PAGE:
Two air pollutants, PM2.5 and ground-level ozone, are responsible for the deaths of 1.1 million people annually in China, and cause economic damage worth 267 billion yuan ($38.8 billion), according to new research conducted by the Chinese University of Hong Kong (CUHK).
Among the estimated yearly deaths are about 1,000 Hong Kong residents.
Air pollution in China also destroys 20 million metric tons of crops, including soybeans, corn, rice, and wheat, the study said.
“This is a fairly large and significant figure considering that it amounts to about 0.7 percent of national GDP,” said Steve Yim Hung-lam, the lead investigator and assistant professor in the geography & resources management department of CUHK.
PM2.5 is a type of respirable particulate with a diameter of 2.5 micrometers or less, that is, around 3 percent the width of a human hair. The particles are produced by burning coal or car emissions. PM2.5 particles can accumulate in the lungs and bloodstream, where they can cause DNA mutation, heart attacks, respiratory problems, and premature death.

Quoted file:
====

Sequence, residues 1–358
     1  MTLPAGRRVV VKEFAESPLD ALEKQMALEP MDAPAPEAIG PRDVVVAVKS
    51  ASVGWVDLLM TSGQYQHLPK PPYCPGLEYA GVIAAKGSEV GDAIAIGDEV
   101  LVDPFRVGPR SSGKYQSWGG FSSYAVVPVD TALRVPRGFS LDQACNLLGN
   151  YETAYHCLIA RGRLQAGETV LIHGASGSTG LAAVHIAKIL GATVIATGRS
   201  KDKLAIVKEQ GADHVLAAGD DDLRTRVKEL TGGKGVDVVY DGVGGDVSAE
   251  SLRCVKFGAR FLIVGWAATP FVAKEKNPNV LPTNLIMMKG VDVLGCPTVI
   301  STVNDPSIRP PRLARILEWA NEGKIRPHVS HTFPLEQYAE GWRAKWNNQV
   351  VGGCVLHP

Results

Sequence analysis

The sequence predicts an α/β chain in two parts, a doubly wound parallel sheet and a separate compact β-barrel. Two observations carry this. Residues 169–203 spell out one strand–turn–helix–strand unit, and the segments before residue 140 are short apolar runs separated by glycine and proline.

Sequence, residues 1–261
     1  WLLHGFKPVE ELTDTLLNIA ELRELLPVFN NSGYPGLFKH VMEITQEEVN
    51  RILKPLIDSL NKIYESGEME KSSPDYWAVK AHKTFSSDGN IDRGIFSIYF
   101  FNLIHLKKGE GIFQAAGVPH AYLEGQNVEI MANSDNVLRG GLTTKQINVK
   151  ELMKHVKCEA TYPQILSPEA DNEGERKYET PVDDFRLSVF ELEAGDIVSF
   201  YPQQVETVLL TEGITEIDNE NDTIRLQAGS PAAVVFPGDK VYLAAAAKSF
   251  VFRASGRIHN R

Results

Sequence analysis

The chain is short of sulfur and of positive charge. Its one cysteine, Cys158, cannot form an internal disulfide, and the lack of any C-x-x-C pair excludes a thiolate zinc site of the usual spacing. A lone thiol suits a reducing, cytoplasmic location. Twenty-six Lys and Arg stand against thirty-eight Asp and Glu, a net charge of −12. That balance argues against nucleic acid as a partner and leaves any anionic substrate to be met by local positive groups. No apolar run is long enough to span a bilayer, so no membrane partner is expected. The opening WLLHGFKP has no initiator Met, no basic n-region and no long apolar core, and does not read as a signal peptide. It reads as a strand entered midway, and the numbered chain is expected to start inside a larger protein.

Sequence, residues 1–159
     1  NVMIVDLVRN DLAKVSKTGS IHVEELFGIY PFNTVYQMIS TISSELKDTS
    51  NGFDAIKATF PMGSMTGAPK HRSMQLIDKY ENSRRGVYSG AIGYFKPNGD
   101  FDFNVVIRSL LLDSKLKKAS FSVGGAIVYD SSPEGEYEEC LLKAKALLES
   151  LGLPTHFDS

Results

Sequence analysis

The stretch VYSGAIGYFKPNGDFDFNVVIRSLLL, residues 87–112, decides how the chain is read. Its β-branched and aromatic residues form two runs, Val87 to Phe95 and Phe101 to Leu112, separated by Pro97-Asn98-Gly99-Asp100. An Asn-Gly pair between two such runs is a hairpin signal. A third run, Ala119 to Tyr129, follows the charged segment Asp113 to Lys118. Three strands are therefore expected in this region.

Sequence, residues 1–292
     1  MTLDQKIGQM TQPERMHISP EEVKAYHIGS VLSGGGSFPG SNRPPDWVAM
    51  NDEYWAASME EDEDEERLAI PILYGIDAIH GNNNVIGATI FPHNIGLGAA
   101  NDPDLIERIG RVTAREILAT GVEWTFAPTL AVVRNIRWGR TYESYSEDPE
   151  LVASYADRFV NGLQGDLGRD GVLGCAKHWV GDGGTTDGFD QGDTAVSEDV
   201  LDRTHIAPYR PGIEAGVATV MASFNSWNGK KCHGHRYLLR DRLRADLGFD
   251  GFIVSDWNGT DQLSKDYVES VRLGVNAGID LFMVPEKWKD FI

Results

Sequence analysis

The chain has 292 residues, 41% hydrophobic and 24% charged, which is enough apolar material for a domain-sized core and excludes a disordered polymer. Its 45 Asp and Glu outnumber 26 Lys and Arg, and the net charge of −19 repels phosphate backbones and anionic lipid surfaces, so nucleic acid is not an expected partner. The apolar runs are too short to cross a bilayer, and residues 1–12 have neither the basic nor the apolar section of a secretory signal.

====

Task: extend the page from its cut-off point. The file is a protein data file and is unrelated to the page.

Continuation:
The average concentration of PM2.5 in Chinese cities is 48 micrograms per cubic meter (mcg) of air. That’s more than twice the average of 19 mcg in 2,626 cities around the world.
Ground-level ozone, produced by fossil-fuel combustion, is an increasing problem in China and Hong Kong. It causes respiratory and heart problems, and hinders photosynthesis in plants.
In June, the regional governments of Hong Kong, Macao, and Guangdong Province released a joint report saying that in the past six years, ozone concentrations in the southern Chinese coastal region rose by 16 percent year-on-year, reaching a new high in 2017.
In December 2013, Chen Zhu, China’s former minister of health, published an article on The Lancet in which he said that 350,000 to 500,000 Chinese died every year because of severe air pollution. Chen wrote that air pollution was the “the fourth-biggest threat to the health of Chinese people,” after heart disease, poor diet, and smoking.
In recent years, in addition to neighboring countries such as Japan, South Korea, and Taiwan, even the western United States has been reporting pollutants that originated from China. Rob Schmitz of NPR cited scientists as saying that “Asian air pollution contributed as much as 65 percent of an increase in Western ozone in recent years.”
Stephanie Ewing, a postdoctoral researcher from the University of California Berkeley, reported in 2017 that “29 percent of the pollution in the San Francisco Bay area comes from China.”
While the Chinese regime often downplays the severity of local air pollution, the U.S. Embassy in Beijing began providing a real-time PM 2.5 index in 2008.